Around 41.8% of the American workforce is working remotely in some capacity, and it is estimated that around 26% will continue to do so throughout 2021. For employees in many industries – including graphic design – the change has prompted life changes that can include setting up a home studio and working freelance at least part-time. If you are a graphic designer and things are looking up workwise – so much so that you are thinking of setting up a home studio – what elements should you ensure are present from day one?
Investing In Key Equipment
Graphic designers need several tools, ranging from a powerful computer (think the iMac Pro or similar) to an electronic stylus and graphics tablet. It is vital to invest in industry-standard devices, since features such as a large screen, significant memory, and a high quality graphics card will ensure that everything goes smoothly. If you are designing a printed magazine, newspaper, or similar type of media that requires clients to see advertisements prior to publication, investing in a photo-quality printer will be useful. This is because advertisers will wish to see their advertisement exactly as it goes to print, checking very precise features such as different tones of blue or green. A photo printer can fax, print and copy, so this type of machine can be a big space saver.
Choosing Space-Saving Furniture
A study by the National Association of Professional Organisers has found that cluttered workspaces can lead to significant financial loss. In order for workers to focus and be productive, workspaces should be tidy, and they should lean on the minimalistic side in terms of furniture. Since you are designing a graphic design studio, creativity and functionality should go hand in hand. Just a few designer pieces that may inspire you include architecture studio, Cavaa’s built-in furniture (literally ‘pull’ individual boxes outwards from the wall to access stored equipment); Thomas Gossner’s wall-mounted chair (made of thermoplastic); or SoBuy’s foldable table (which can be transformed from a shelf to a table as required). When choosing a table for your computer, paying more for a desk that has storage space is an excellent way to ensure all your tech and equipment is organized and close by.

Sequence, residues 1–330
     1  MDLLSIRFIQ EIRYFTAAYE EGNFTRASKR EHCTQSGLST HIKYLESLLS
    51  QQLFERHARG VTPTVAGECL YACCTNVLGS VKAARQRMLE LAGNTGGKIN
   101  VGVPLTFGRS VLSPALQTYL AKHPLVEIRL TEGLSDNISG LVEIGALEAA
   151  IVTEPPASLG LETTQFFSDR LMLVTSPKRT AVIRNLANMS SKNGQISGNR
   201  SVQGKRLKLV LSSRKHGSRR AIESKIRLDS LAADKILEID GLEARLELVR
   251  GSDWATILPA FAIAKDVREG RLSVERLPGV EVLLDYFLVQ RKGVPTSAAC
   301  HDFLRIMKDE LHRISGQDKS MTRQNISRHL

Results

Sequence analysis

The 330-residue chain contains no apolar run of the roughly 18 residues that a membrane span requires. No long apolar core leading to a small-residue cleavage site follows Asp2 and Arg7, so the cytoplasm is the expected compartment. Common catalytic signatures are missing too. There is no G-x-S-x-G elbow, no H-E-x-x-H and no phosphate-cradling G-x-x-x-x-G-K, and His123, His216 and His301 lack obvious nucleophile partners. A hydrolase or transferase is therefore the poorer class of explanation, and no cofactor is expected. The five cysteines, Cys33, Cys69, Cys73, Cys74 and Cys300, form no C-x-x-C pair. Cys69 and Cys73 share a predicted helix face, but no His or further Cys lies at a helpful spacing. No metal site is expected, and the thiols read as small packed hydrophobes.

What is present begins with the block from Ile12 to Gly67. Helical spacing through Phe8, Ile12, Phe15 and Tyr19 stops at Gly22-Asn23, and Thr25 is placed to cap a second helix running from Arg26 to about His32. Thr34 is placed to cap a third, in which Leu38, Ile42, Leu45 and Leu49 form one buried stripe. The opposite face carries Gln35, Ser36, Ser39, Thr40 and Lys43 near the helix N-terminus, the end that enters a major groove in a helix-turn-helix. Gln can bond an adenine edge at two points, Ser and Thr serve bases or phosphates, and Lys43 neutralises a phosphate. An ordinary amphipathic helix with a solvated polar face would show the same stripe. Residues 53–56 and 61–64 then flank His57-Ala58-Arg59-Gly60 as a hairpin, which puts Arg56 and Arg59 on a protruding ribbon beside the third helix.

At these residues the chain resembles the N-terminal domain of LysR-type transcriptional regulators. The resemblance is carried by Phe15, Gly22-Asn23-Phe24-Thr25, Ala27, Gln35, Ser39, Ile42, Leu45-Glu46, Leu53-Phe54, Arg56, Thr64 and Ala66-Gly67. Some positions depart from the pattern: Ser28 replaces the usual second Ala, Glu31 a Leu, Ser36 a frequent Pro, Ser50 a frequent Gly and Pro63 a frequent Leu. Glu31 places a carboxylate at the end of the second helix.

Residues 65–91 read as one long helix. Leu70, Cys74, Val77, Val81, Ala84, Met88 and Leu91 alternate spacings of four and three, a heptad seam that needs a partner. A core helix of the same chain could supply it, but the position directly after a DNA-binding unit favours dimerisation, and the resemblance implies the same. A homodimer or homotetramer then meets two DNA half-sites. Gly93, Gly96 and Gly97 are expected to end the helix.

Make Ergonomics A Priority
Ensure you do not skimp out on some of the most important pieces of furniture you will need – such as a good work desk (a standing desk is ideal to avoid the effects of sitting for too long) and an ergonomic chair. Your chair should be adjustable so you can place it at the exact height with respect to your monitor. You should also have a footrest for greater leg comfort. The weight of your arms should be continually supported, to avoid neck and shoulder strain. Make computer ergonomics a priority as well, ensuring your display screen is level with your eye line and placed at around an arm length’s distance to prevent computer vision syndrome. You should also ensure your display brightness is not left at the default setting. Instead, adjust it to the brightness of your home office or studio. One easy way to do so is to take a piece of white A4 paper and look at it under the normal light in your studio. The screen should ideally match its brightness as closely as possible.
Bathing In Light
Your home studio should ideally enable free movement, contain natural lighting, and be well ventilated. If you have an outdoor terrace you wish to convert to a studio, glass curtains are a good choice, since they can be opened and closed depending on the weather. Recent research by Cornell University academics has shown that the optimal amount of daylight reduces eyestrain and headaches of office workers by 84%, which is a good enough reason to consider making small or larger changes. Interior spaces can be lightened up by opting for an open plan setting that enables light to reach as large an area as possible; if necessary, one or more walls can be knocked down to make room for a large window. Aim to be as close as possible to a garden. If you live in an urban area, bring indoor plants into your studio, since studies have shown that they can boost productivity and concentration.
If you are a graphic designer who is working remotely and you would like to go freelance, setting up a home studio can be a wonderful way to tap into your creativity. Start off by setting up a clean, tidy and ergonomic space: one in which natural light is given due importance. Invest in a few pieces of vital equipment, adding to your selection as time and budget permit.